Some songs are impossible to listen to without dancing and singing along, and Girlhood’s latest single release, “The Love I Need,” is at once one of them. If you don’t know the words, you soon will—just press play. The London-based duo exemplifies their synergy in this remarkably upbeat and genre-bending single, as Christian Pinchbeck and Tessa Cavanna join forces to create the perfect balance of rhythmic energy and inspiring melody. The track is a blissful mix of nostalgic and contemporary, relaxing and invigorating. There is an undeniable nod to gospel music in the choir of voices heard in the chorus, and the percussion builds before dropping off as Cavanna’s bright soulful voice drips like honey over the track. It should come as no surprise that Girlhood has cited Fugees, The Avalanches, and late-80s hip-hop as influences. Legend has it they write, record and produce their music from a narrowboat docked on a London canal. Beyond the music, embedded in the single’s cover art, done by intersex artist Rae Smith, is the message that the term “girlhood” encompasses all who identify with it, including, in the words of the artist, “the messy, complicated beauty of non-binary non-standardized human bodies in all their hairy complex shapes, sizes, forms and beings.” The colorful cover art and the buoyant sound together evoke an overwhelming sense of joy and solidarity, making this single from Girlhood a timely release.— Maya Bouvier-Lyons on May 27, 2020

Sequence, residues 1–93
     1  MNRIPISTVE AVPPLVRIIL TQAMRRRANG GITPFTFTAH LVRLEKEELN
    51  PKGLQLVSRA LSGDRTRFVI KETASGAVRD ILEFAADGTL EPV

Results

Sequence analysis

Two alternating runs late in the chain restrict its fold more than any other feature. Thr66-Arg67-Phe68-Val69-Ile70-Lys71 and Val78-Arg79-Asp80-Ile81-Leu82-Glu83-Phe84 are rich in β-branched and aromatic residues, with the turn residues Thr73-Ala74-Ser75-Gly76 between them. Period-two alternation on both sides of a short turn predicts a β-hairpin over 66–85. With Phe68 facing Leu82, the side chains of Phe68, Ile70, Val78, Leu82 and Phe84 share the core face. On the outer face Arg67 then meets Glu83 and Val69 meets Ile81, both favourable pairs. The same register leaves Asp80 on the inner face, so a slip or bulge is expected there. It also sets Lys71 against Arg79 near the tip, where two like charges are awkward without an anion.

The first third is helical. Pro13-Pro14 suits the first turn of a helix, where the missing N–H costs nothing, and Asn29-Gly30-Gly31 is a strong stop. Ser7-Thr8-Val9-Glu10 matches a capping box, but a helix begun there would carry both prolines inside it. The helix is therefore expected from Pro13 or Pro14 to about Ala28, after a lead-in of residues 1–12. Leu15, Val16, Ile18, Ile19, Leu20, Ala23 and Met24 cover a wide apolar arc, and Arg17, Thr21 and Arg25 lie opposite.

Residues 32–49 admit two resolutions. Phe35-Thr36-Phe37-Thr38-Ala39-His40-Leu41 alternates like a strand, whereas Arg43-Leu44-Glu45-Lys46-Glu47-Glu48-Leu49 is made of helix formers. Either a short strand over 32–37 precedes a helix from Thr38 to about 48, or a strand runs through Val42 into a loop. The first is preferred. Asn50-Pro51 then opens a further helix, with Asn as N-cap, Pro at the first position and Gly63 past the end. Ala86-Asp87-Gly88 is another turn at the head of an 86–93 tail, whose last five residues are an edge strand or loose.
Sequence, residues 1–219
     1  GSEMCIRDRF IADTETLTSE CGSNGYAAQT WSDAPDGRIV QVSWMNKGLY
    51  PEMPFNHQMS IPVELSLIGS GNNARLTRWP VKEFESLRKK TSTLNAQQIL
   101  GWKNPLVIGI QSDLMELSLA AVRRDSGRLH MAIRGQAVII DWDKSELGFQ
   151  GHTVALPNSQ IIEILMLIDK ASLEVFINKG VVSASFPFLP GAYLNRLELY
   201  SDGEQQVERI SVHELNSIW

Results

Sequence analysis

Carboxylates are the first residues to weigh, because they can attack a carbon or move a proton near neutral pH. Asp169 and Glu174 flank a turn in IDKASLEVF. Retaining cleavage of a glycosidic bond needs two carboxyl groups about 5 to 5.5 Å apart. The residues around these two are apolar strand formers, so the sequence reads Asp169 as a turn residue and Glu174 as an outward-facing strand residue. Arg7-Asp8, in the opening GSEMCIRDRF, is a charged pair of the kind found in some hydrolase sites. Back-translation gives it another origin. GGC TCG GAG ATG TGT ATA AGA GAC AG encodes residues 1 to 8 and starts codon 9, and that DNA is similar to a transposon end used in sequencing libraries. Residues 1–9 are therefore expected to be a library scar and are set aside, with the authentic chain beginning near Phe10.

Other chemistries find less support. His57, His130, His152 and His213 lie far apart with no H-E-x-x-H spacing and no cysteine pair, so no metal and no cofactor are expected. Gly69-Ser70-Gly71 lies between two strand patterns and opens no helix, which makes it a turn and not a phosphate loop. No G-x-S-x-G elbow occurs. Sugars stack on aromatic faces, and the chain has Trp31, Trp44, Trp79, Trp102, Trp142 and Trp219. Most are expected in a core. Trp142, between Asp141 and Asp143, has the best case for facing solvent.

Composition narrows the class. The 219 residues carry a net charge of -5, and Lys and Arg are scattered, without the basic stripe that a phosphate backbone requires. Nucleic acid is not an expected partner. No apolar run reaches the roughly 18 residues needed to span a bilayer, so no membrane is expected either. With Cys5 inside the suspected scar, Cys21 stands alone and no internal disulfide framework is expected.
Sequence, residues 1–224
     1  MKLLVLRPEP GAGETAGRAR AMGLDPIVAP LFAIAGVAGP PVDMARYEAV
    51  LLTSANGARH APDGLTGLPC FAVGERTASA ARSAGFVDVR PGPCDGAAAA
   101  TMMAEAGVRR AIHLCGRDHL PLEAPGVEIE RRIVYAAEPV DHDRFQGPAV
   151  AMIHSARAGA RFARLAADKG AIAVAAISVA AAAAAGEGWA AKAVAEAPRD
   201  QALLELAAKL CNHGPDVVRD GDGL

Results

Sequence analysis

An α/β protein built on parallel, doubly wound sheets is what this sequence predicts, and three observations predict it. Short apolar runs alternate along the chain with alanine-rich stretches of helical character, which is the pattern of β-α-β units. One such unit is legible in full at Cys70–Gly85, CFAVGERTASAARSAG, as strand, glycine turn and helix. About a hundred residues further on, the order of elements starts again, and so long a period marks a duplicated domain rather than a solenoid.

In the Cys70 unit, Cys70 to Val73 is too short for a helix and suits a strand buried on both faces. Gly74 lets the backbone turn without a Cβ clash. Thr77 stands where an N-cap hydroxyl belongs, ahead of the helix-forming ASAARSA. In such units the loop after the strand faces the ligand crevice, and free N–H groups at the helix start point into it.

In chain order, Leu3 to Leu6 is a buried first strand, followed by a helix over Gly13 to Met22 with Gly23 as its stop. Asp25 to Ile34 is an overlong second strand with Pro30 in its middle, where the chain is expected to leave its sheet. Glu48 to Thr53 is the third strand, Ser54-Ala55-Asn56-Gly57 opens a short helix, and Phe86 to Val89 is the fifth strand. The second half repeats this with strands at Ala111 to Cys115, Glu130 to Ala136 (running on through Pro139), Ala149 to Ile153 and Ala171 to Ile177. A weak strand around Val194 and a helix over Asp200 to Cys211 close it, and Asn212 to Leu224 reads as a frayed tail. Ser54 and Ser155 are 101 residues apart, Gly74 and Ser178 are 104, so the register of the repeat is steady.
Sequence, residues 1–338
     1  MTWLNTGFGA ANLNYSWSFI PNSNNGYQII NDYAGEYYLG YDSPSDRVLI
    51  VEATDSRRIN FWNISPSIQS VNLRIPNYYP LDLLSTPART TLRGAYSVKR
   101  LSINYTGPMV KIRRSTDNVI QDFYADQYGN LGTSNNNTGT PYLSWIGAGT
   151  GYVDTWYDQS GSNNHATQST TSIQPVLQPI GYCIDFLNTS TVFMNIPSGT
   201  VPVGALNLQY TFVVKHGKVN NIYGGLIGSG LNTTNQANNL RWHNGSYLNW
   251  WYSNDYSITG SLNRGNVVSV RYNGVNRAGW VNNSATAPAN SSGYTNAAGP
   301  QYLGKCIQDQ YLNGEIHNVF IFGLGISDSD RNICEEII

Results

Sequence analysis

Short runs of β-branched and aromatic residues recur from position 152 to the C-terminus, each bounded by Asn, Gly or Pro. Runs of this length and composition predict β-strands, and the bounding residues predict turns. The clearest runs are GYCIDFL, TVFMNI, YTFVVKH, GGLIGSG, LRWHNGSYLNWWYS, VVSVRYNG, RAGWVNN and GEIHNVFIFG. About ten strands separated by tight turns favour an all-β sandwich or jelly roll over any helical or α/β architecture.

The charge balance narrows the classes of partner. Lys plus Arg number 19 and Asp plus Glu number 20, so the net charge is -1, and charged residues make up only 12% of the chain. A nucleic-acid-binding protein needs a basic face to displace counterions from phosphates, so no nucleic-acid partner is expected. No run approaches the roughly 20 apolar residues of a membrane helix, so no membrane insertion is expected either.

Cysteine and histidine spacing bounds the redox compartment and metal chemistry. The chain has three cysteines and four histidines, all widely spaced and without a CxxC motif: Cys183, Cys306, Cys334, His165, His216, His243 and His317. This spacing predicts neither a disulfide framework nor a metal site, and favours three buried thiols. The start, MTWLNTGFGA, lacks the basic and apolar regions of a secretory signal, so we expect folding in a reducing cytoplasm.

Emmett Kai - Super Tangerine
“Freak Pop Novelty” Emmett Kai is creating transcendent bedroom pop. His 2017 song “Midnight” (complete with cover art that is both reminiscent of a late 80s prom picture and George Harrison’s solo shot on Cloud Nine) was included in the Broad City soundtrack—a nice ode to New York City for the Brooklyn-based artist, producer, and label owner.
The title track off of his new EP Super Tangerine snaps us out of reality for a short—but fulfilling—four and a half minutes. “Super Tangerine” opens with a static buzz and ends with the lingering repetition of a statement driven by insecurity: “I think that it’s alright if we could maybe try again.”